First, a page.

TLY: Today, we welcome poet Carlos Cumpián. In addition to his work as a poet, Carlos is an activist, English teacher, publisher, visual artist and performer.
Thank you, so much Carlos, for taking the time. You have been described as a “sound and fury barrio” poet. Your poetry is equally gentle, humorous, and often beautiful. What is beauty to you?
CARLOS: Ok why not, let’s start with an eternally philosophical question. Beauty is what our natural world has provided in its most extreme forms and transitory delicate forms, free of human debasement or meddling.
Lightning storms, snow falling, sun-showers, the Aurora Borealis, the open desert, vast cloudless blue skies, or real clouds racing past. Beauty for me are mountain shadows cast across the landscape, shooting stars and constellations, forests and sunrise over beaches. These are all places of high energy and low man-made (EMF) electrical magnetic frequencies, no factory funk or laundry detergents, no transportation exhausts and smells.
Some might think I don’t see beauty in an urban setting. Yes, cities are also places of hidden beauty. You must seek it out. Maybe you’ll experience it or just have to settle for the artifice of beauty, a pseudo-beauty that artists of all genres aspire to. There’s the Navajo song that I’ll cite, in approximation, it goes like; “I walk in Beauty, in front of me ---beauty, behind me-- beauty, to the right---beauty, to the left—beauty, above me ---beauty, underfoot –beauty all around.”
If you are able to reach a state of grace, satori, bliss, Samadhi, nirvana, enlightenment-- then you are experiencing beauty. The ability to use our bodies in a trained manner also provides an enormous glimpse of beauty— a devotion to physical discipline before we deteriorate. I have seen this human beauty appear and disappear like cresting and receding waves. I recall the words of the poet/ philosopher and ruler of Pre-Conquest Mexico, Netzahualcoyotl who wrote, that we were like flowers, that come from seed, bloom expand and fade to dust. Beauty is not aware of its own state—it just is. I do realize that each culture or civilization has developed their own “yard stick” to measure beauty and these contain differences and disagreements. But there is NO ONE UNIVERSAL absolute agreement as to what is undisputedly beautiful. We must find it for ourselves, however influenced we might be by our social conditioning.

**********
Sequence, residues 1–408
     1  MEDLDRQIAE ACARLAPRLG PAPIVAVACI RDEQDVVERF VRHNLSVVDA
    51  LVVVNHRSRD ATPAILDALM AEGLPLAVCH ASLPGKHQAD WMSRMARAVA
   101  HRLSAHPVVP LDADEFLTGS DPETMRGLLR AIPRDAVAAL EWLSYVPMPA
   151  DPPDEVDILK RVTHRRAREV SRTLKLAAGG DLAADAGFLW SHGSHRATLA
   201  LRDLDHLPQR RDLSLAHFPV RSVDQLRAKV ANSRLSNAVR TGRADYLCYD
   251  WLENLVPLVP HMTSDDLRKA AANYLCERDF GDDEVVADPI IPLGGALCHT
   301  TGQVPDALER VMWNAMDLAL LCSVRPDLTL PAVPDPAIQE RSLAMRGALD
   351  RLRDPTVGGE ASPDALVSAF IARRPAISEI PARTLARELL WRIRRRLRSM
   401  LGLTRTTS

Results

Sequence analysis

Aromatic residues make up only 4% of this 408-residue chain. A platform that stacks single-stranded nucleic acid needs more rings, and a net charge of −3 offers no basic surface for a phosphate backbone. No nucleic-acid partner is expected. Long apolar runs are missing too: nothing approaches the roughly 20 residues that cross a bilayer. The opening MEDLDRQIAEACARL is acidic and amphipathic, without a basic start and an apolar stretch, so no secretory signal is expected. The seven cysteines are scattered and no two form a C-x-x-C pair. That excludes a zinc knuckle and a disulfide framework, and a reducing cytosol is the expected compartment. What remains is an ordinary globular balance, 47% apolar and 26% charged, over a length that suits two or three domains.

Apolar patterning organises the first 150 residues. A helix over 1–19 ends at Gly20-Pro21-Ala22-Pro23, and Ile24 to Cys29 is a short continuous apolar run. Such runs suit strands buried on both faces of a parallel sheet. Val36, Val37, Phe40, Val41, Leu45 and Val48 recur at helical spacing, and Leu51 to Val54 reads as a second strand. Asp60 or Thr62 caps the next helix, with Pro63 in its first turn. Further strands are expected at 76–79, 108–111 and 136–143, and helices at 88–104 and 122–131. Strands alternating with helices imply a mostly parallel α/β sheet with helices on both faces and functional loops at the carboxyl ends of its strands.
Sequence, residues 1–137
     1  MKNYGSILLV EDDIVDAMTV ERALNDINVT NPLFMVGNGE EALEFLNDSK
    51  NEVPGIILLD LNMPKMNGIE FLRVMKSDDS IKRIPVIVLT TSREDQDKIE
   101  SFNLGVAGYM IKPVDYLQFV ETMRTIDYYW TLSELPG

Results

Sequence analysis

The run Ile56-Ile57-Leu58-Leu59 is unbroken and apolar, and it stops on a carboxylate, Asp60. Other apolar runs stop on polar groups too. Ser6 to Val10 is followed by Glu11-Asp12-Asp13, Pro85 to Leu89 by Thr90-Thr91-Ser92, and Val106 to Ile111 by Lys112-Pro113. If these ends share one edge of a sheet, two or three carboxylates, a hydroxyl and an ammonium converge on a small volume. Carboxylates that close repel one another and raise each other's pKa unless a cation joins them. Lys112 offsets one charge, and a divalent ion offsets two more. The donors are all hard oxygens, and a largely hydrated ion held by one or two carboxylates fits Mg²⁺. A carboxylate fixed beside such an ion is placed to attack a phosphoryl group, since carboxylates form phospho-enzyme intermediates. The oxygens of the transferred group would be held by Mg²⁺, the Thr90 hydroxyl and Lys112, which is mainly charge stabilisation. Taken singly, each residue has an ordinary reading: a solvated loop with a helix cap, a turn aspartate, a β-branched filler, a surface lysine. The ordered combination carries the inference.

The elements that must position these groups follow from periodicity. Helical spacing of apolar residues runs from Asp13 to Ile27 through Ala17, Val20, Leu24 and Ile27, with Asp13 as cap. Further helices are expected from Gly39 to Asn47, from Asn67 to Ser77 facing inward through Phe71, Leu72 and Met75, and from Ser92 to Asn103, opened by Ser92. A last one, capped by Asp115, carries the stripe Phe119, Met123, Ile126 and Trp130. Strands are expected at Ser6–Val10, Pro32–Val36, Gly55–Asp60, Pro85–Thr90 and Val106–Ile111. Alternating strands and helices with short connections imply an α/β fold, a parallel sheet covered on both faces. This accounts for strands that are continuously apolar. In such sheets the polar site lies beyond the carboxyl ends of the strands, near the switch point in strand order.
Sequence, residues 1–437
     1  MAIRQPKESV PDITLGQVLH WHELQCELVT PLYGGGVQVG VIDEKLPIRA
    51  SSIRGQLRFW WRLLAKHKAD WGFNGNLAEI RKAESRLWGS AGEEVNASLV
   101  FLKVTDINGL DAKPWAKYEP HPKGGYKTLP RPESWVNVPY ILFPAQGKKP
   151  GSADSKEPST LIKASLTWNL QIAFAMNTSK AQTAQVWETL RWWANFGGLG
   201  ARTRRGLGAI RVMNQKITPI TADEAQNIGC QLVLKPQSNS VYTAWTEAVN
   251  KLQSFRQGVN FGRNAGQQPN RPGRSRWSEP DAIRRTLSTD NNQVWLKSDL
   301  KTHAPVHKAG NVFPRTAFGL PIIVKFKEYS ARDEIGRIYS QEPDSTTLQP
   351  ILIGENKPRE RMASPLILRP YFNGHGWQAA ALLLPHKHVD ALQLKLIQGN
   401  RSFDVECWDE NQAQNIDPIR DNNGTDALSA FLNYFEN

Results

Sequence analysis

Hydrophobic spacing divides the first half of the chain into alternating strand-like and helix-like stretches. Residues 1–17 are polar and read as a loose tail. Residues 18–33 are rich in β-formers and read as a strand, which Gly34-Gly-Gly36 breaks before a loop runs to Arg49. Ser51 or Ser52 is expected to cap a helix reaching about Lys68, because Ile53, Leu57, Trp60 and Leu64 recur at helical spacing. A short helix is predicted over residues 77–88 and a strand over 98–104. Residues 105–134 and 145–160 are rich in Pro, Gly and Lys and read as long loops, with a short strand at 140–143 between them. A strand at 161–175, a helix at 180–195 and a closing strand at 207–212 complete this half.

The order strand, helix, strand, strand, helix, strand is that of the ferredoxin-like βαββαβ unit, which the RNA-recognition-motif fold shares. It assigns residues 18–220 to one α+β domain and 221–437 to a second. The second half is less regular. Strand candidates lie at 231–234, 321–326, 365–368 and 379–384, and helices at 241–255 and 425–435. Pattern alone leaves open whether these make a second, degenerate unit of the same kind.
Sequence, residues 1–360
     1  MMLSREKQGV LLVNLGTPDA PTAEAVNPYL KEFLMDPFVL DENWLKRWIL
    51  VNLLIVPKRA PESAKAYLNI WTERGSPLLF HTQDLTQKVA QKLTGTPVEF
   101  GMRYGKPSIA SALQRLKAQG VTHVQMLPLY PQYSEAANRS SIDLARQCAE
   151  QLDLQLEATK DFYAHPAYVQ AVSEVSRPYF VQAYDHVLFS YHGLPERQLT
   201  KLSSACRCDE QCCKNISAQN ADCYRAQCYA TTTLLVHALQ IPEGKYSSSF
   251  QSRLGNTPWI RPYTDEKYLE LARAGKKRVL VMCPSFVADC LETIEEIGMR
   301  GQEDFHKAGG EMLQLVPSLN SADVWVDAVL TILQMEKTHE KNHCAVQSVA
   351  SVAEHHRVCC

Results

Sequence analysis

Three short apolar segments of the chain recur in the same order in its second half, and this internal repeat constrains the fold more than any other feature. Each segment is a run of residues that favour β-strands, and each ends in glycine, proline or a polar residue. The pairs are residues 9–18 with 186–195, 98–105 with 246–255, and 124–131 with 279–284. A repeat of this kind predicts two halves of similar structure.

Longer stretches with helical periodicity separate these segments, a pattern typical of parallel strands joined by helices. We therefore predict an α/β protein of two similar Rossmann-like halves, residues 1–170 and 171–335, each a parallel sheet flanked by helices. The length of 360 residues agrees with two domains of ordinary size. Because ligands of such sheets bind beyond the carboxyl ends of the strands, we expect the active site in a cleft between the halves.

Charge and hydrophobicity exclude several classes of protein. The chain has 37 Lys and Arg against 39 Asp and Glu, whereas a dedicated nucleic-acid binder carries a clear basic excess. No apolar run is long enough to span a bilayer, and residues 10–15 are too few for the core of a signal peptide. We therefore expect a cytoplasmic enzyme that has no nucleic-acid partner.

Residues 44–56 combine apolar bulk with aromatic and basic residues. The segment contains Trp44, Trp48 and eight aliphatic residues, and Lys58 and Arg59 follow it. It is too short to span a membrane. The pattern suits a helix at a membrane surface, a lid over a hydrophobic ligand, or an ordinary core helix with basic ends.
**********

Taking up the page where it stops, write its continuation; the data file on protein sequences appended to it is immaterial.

TYL: Latino Rainbow: Poems about Latino Americans is a “teen-centered” work. I have read that you found your own formal education lacking because you were curious about the world around you, and it wasn’t being taught at school.
CARLOS: It became especially evident to me after becoming a full-time English teacher in the mid-1990s. I worked mainly in poorer areas of Chicago with an almost all black and brown student population. I realized that they had been exposed to only a few minority authors such as: Langston Hughes, James Baldwin, Ralph Ellison, Richard Wright, Zora Neal Hurston, Gwendolyn Brooks, and Toni Morrison. While these are all tremendously important writers they hadn’t read work by living Native Americans, Asians or their neighbors—Mexican-Americans and Puerto Ricans.
These were rather sophisticated Black authors who were shoveled as “essential reads” to many an urban classroom, all to the befuddlement of seventh and eighth graders. I discovered this from my tenth graders when I attempted to “introduce” these giants of African American literature to them. When I was enrolled at the University of Illinois-Chicago, I had read Their Eyes Were Watching God by Zora Neal Hurston for the first time. It required some in-depth analysis to fully appreciate her characters and plot. So how was an elementary school teacher supposed to get any serious traction from 13 and 14-year-old students in an over-crowded classroom? I am sure it could be handled now that I have a Master’s in Education and two decades worth of teaching under my belt; but as a new teacher it really challenged me. I am certain it has been difficult for other teachers too.
Alas, what I found in my school’s English department. The tattered leftover remains of minority authors of uneven talents published in paperback anthologies in response to the “Black is Beautiful 1960s” or the newly woke sleeping giant; The Mexican-American “Brown Pride” period, was marked with the publication of POCHO -- published in paperback in 1970 by José Antonio Villarreal. I argue that, for the most part, teachers didn’t have thematically appealing fiction or poetry books available outside of a couple of Gary Soto and Sandra Cisneros stories. When the book Parrot in the Oven by Californian Victor Martinez appeared – I pushed to have him appear before hungry young Chicanos at my school in Little Village, La Villita. I did the same for Texas fiction writer David Rice with his Give the Pig a Chance and New Mexican multi-talented Denise Chávez who had me as a fan since 1986 with her Last of the Menu Girls. I feel the talented Luis J. Rodriguez’s autobiography Always Running and his 1999 bilingual children’s book It Doesn’t Have to Be This Way/ No tiene que ser asi are two solid literary contributions for our school kids.